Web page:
The osteogenic differentiation medium comprised 10 mM β-glycerophosphate, 1 mM ascorbic acid 2-phosphate and 100 µM dexamethasone (16). Osteogenic differentiation protocols using β-glycerophosphate, ascorbic acid and dexamethasone are frequently used in a number of experimental approaches, including tissue engineering and the simple confirmation of differentiation capabilities among particular cell types (17). In a previous study, MSCs derived from bone marrow have been cultured in various base media containing 1–10 mM β-glycerophosphate, 0.01–4 mM ascorbic acid-2-phosphate and 1–1,000 nM dexamethasone (18).

MSCs have attracted significant interest due to their self-renewing potential and potential for multiple possible clinical uses, particularly in regenerative medicine and tissue engineering (19,20). MSCs have been isolated from bone marrow, adipose tissue, periosteum, trabecular bone, synovium, skeletal muscle and deciduous teeth (19). Mesenchymal stem cells from bone marrow in the iliac crest are usually retrieved under general anesthesia; additionally, there are limitations including pain, morbidity and low cell numbers obtained by harvesting (20,21). Dental pulp from deciduous teeth is a potential source of MSCs with easy accessibility and limited morbidity; however, the amount of dental pulp is limited and ensuring a continuous supply of dental pulp is not possible (22). However, MSCs may be obtained from gingiva relatively easily, with minimal invasiveness at any point in life (10).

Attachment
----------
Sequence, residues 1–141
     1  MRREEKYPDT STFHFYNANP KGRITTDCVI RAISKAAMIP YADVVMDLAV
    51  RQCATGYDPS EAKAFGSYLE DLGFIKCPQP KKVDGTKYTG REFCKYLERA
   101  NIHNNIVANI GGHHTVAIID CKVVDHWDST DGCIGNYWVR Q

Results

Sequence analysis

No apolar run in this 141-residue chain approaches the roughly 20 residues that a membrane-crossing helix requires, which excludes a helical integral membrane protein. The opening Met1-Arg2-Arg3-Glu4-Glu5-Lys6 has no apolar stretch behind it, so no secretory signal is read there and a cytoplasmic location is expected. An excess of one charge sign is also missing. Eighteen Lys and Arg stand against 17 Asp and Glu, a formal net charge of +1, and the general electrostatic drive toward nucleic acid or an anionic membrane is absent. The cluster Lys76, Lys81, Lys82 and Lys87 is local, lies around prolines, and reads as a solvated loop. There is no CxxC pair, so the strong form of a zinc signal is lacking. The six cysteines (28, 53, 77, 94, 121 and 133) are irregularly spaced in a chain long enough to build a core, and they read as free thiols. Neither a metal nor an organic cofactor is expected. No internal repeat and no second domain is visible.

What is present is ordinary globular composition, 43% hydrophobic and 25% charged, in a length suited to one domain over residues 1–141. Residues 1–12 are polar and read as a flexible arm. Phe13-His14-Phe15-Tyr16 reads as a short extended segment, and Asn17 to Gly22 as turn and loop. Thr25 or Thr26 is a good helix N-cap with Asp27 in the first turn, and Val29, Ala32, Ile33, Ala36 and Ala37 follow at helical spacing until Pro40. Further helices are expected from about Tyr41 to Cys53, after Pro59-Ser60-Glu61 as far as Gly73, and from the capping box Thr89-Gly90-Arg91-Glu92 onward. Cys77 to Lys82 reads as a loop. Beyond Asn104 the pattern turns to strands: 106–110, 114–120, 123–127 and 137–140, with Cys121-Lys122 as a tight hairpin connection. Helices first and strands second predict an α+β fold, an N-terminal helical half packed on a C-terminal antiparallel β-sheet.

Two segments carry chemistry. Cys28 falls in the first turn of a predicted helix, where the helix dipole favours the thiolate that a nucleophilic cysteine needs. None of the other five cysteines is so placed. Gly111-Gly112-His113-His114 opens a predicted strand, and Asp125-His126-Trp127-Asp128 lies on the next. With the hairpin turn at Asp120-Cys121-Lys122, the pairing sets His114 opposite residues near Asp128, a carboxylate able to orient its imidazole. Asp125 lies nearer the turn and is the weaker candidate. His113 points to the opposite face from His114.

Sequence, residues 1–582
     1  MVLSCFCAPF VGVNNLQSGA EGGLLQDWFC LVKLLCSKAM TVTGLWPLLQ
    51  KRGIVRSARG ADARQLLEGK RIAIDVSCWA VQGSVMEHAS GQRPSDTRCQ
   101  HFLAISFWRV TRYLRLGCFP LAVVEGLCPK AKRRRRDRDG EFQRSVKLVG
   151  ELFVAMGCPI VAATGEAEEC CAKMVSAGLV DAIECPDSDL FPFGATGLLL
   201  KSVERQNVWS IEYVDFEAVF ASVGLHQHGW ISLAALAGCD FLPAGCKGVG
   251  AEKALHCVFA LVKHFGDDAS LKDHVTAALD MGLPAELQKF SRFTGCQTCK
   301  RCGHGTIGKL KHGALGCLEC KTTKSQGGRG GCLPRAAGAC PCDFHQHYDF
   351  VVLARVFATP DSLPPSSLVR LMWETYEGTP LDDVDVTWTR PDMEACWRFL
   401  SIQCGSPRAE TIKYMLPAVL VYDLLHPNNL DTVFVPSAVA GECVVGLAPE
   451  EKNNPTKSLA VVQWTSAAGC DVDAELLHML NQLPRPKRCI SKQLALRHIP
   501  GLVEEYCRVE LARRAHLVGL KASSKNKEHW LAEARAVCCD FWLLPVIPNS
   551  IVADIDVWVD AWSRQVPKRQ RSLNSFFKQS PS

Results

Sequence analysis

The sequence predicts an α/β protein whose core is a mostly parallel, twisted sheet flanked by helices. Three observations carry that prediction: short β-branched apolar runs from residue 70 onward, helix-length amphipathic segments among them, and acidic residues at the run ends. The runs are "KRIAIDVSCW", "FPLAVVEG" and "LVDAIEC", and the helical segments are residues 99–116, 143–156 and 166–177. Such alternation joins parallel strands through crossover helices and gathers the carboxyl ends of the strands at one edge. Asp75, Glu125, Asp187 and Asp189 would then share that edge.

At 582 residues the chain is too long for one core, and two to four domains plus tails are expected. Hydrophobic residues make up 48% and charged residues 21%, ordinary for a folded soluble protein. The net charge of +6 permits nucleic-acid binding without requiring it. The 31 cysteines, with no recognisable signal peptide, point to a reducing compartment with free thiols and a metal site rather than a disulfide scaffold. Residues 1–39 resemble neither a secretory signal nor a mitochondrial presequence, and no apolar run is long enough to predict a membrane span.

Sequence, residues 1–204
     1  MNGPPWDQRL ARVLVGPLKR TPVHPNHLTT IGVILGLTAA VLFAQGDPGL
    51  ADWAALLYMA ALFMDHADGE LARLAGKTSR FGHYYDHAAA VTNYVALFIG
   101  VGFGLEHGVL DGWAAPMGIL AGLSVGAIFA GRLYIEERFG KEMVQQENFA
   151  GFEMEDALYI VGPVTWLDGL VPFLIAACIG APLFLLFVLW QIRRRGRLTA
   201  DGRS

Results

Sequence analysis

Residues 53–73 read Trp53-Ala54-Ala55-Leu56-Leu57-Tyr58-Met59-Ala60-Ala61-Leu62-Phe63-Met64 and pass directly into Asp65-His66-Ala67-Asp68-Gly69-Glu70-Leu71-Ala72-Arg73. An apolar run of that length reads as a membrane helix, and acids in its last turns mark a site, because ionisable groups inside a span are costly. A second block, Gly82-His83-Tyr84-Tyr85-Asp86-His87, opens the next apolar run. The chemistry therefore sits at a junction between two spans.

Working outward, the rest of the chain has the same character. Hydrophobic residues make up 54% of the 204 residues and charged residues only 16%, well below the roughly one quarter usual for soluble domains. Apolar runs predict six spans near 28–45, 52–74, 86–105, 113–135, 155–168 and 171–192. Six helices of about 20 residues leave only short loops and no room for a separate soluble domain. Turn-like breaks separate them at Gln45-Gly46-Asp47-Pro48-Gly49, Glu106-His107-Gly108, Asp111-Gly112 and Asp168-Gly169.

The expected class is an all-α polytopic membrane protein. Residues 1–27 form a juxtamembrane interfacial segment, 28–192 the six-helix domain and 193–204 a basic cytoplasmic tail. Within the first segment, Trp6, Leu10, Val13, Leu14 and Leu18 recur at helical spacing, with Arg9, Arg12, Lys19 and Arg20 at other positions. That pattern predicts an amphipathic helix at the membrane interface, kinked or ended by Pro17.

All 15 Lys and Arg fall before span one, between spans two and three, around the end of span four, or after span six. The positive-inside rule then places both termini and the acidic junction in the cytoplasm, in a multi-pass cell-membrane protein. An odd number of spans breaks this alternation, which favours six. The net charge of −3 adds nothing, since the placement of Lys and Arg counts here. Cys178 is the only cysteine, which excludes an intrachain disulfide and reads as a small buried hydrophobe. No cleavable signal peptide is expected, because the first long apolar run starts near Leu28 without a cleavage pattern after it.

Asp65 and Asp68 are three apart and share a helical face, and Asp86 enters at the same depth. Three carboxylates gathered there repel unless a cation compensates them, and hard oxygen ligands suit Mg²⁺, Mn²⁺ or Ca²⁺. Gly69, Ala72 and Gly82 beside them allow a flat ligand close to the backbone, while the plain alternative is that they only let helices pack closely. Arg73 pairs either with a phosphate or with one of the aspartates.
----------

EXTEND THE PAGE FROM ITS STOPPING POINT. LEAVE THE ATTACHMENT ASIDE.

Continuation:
The degree of osteoblast differentiation was assessed by the measurement of osteocalcin levels. Current markers of bone formation include the N-terminal propeptide of type I collagen, bone-specific alkaline phosphatase and intact or N-mid-molecule osteocalcin in serum (23). Osteocalcin is an abundant Ca2+-binding protein, comprising three γ-carboxyglutamic residues, which is a component of the organic matrix of bone and dentin and may be present in other mineralized tissues (24). Osteocalcin originates from osteoblastic synthesis and is deposited into bone or released into circulation (25).

In the present study, adipogenic differentiation was assessed by measuring the amount of adipocyte fatty acid-binding protein. Adipocyte fatty acid-binding protein is reported to regulate systemic glucose and lipid metabolism, and is abundantly expressed by adipocytes (26). Adipocyte fatty acid-binding protein is expressed during adipocyte differentiation (27) and is also applied as a circulating biomarker that is closely associated with obesity and components of the metabolic syndrome (28).

Within the limits of this study, Cimicifugae Rhizoma influenced the proliferation of stem cells derived from the gingiva, and low concentrations of Cimicifugae Rhizoma may induce the osteogenic differentiation of these stem cells.

Acknowledgements

The present study was supported by the Semyung University Research Grant of 2014.

References